Belinda, the main target of satire in the poem, represents the fashionable aristocratic ladies of the time. She suffers from all the vanities, follies and lack of moral scruples of the upper class ladies of the eighteenth century. She is also, besides, a woman of superb beauty and charm. We have to consider her as an object of mockery, ridicule and even condemnation and as a woman who deserves praise and adoration.
She is also told to be a lazy woman, who continues to sleep till twelve in the day, who on waking up at that hour falls asleep again, and is roused from her sleep by the licking tongue of her pet dog. Shock. On opening her eyes she sees a love-letter which is before her and which makes her forget the vision she has been seeing during her sleep. When she is engaged in her toilet her beauty and charm are laid stress upon. She is assisted by her maid. Betty. in decorating and embellishing herself with cosmetics and with jewelry. She is compared to a warrior as she dresses herself, who gets ready for the battle. She is also getting ready ‘to kill’.
Belinda’s beauty and charm are emphasised again and again in the poem. In the opening lines of Canto II of the poem she is considered as a rival of the sun’s rays. She wears a sparkling cross on her white breast. Her looks are lively and she has an alert mind. She beams a smile at everyone, but does not show any special favour towards any one :
Bright as the Sun, her eyes the gazers strike,
And like the Sun, they shine on all alike.
She comes to be transformed almost into a divinity. Her faults, if any, are hidden by her graceful ease and sweetness which is free from pride. If she has any female defects, the beauty of her face makes us overlook them. She has two locks of hair which enhance the beauty and charm of this lady. Her temper is absolutely free from care.
Although professed to be pure, Belinda is secretly in love with the Baron. It is here that the main reason of her fall lies, the sylphs warn her of the approaching scissors and the danger to her hair, but she is indifferent to their warning. Ariel is surprised to discover that in spite of all her pretense, she is in love with a gallant:
Sudden he viewed in spite of all her art;
An earthly lover lurking at her heart.
She has a sort of spiritual shallowness; which in other words, may be regarded as an incapacity for moral awareness. All spiritual exercises and emblems have been transformed by her into a coquette’s self-display and self-adoration. All is done with a frivolous heedlessness. She is not quite a hypocrite:
On her while breast a sparkling cross she wore.
Which Jews might kiss, and in fields adore,
The cross is a religious emblem but it is turned into an ornament and gains new power by this sort of translation. It may be seen that at every point in the poem grace and charm get the better of depth of feeling or heroic action.
Her life is full of personal and social tensions: Her ease on the boat is not spontaneous. Her slightest indiscretion is exploited by slander and her beauty is short-lived. She will earn notoriety if she is guilty of committing an error in exciting man’s interest. If she rejects or refuses the advances of a male, she may run the risk of going without a husband.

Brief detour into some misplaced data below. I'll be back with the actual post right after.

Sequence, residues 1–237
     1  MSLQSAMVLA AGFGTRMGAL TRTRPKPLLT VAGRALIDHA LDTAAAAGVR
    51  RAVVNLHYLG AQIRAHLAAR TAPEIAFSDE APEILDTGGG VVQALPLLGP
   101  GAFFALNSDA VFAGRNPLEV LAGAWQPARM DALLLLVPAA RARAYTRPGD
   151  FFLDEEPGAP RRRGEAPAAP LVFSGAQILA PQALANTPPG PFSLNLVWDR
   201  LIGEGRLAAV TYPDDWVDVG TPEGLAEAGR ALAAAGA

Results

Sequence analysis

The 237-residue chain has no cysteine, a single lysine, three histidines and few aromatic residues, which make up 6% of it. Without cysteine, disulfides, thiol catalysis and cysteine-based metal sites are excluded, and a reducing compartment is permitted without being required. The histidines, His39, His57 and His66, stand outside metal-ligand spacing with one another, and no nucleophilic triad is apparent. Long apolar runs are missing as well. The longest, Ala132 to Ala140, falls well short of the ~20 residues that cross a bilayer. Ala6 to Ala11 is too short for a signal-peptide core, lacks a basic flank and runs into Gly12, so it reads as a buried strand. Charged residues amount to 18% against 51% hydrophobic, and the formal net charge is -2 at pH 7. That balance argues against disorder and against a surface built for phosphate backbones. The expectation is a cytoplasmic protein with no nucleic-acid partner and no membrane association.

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Pope’s attitude to Belinda: Pope’s attitude towards Belinda is not so simple, as it appears. It does not end with his laughing away at her claims to divinity. Belinda can do wonders. The same may be said with regard to objects associated with her. The Jews and the infidels would gladly kiss the Cross which she wears. She is related to the Sun. This fact has been repeated in the poem. She has the effect of the sunshine on the world as a whole. “Belinda smiled, and all the world was gay”.
Pope also stresses on Belinda’s divinity. The insult offered to her, though slight seemingly, is a serious and real one. Though the clipping off of her lock appears to be a slight youthful folly, it symbolises the rape of a woman and the outrage of a goddess. Her power, her wishes, her furbelows and her blushes are sanctified and receive the care of heavenly spirit.
Pope does not overlook Belinda’s morality. Her goddess-ship is qualified by emphasising on her human qualities Her frailty and transient blushes emphasis upon the humanity of the goddess.
Belinda’s divinity has been established the general dedication of the sex to which she belongs, and special treatment given to her, such as the head sylph’s attendance on her the superhuman value attributed to her lock and lastly, the insistence throughout the poem that she is a kind of sun-goddess.
Belinda is superior to all her sex in divine qualities and significance. She is the “distinguished care of a thousand bright inhabitants of air”. The head-sylph, Ariel, warns her of the impend ending disaster. Her own “heavenly image in the glass” is of the goddess she worships during the sacred ceremony of her toilet. When the Baron seeks a favour from her and builds in altar to Love, who is in a sense, Belinda herself.
Belinda is not a true lady from another point of view. Had she been a true lady she would not have acted as she does over a clip of her lock or exercise her spleen to such vigorous degree. She is deficient in the knowledge of the common fate of coquettes like herself.
Belinda has a “fall”, at least in the eyes of Ariel. This fall is only a fall from the self-love and arid virginity, which the sylphs both represent and try to preserve. It is, in a sense, a fall into a more natural human condition and may be considered as a fortunate fall. Belinda falls in love and thus escapes from the meaningless virginity and honour which the sylphs represent. The hint here is further intensified that she acquiesces in the rape of her lock. Belinda is forewarned and in a sense aware of the Baron’s attempt on her, still she does not turn from it.